Yep, User:Scalhotrod, for you it is in spite of your not signing, wikipedia actually get users who enforce BLP in defiance of you, imagine that. Perhaps you would like to justify here as to why your favoured project, wikiporn, is being harrassed by our BLP policy and why BLP should not be enforced on porn articles when a consensus of porn editors deems that it should not be enforced, proposing topic bans for those who defy them by actually trying to enforce outr core policies. I say any cliques who try to disrupt our core policies should be disbanded. ♫ SqueakBox talk contribs 21:34, 17 August 2014 (UTC)
Thanks for the reminder Squeak. As for the rest, you seem to be off topic. --Scalhotrod - Just your average banjo playing, drag racing, cowboy... (Talk) ☮ღ☺ 00:02, 18 August 2014 (UTC)
Umm, this is a user talk page not an article, so there is no topic to be on. ♫ SqueakBox talk contribs 00:04, 18 August 2014 (UTC)
Yep, its those fundamental misconceptions that make you so misunderstood and get Editors ticked off at you. But hey, it's what makes you, you... :) Have a nice day Squeaker. --Scalhotrod - Just your average banjo playing, drag racing, cowboy... (Talk) ☮ღ☺ 05:09, 18 August 2014 (UTC)
Then let me suggest an experiment. Establish a new user name and start editing a controversial article. You may experience things differently. Deltahedron (talk) 19:03, 17 August 2014 (UTC)
Oh, right. Now I remember. I have had such an experience editing as an IP, before I registered. That is a problem. I think it happens in many topics that are tagged as "pseudoscience". That is definitely an issue, allowing minority viewpoints to get heard. But no, much of Wikipedia editing does not operate like a clique, that stuff happens on a subset of articles. It is a problem that may need the Foundation to step in with a solution, if only they didn't have such an aversion to editing content. If there was an easy answer, it would have been solved by now. Wbm1058 (talk) 19:24, 17 August 2014 (UTC)
Off-topic sniping; let's get back to the subject
Maybe those who consider themselves "owners" should just ask other editors if they've "ever improved anything"? Or say "Who cares what the article says? Haven't you got anything better to do?" Martinevans123 (talk) 16:49, 17 August 2014 (UTC)
That would not be constructive. Wbm1058 (talk) 16:59, 17 August 2014 (UTC)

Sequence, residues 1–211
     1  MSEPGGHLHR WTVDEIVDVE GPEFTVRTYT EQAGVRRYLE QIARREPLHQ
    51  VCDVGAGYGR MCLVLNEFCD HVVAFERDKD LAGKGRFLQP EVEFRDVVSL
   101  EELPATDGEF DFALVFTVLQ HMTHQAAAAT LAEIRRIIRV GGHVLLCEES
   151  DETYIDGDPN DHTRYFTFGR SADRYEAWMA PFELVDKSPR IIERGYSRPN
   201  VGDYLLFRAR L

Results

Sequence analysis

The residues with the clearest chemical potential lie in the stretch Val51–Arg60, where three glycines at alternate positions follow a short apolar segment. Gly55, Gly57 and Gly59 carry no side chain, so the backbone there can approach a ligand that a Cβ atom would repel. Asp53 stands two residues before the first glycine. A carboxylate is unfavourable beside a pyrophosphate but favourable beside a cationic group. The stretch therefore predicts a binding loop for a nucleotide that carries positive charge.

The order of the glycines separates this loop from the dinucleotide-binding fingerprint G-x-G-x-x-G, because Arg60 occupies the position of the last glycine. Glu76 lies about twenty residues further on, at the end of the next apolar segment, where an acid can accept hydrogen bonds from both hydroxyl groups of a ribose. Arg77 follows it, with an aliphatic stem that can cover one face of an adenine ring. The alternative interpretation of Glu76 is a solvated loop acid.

I think the reference is to the recent history of Talk:Moors murders. Deltahedron (talk) 17:11, 17 August 2014 (UTC)
  • Which follows on from an editor who has written several featured articles being followed around by an editor who appears to be making some sort of point. It gets tedious after a while not to mention predictable. J3Mrs (talk) 17:37, 17 August 2014 (UTC)
Oh, I see. indeed. Trout-slaps to a certain editor here. Actually, at this point, I think using whales should be considered. Wbm1058 (talk) 17:33, 17 August 2014 (UTC)
Probably a mistake to try and use wales. Especially here. Sorry that he feels he has to go. Martinevans123 (talk) 18:00, 17 August 2014 (UTC)

Well I admit I had a laugh when I read the reply to my comment in the collapsed section. I did not make that connection until I read the reply. Honest! Sometimes I'm slow about such things.

I did take the time to read Talk:Moors murders. What I found was excellent bold-revert-discuss behavior on the article itself, but overly lengthy and dramatic discussion to just go from mass murdermultiple murderserial murder. It seems to me you got to the right place, but oh the ordeal to get there. And I'm not sure who to blame more for the problem. Can't y'all just work it out? Wbm1058 (talk) 18:53, 17 August 2014 (UTC)

I don't see blame as a useful dimension. But surely new editor's contributions can be as valuable as those from established editors. Even established editors were new once. People tend to thrive on encouragement (unless they have some kind of debilitating personality disorder, of course). Martinevans123 (talk) 19:00, 17 August 2014 (UTC)
new editor's contributions can be as valuable as those from established editors Of course, does someone disagree? If a new editors contribution is rejected, it doesn't necessarily follow that it as rejected because the editor is new, it might be because there were issues with the contribution.--S Philbrick(Talk) 19:04, 17 August 2014 (UTC)
As BigSteve says, the problem is more that an explanation for a revert may be lacking or even, of course, downright rude and derogatory. Martinevans123 (talk) 19:21, 17 August 2014 (UTC)
I certainly had an unpleasant series of responses from an editor who took the view that as an established author of some very long articles, he was exempt from any requirement to explain his actions. That editor is now banned for harassment (not of me). The experience was extremely disheartening. Deltahedron (talk) 19:28, 17 August 2014 (UTC)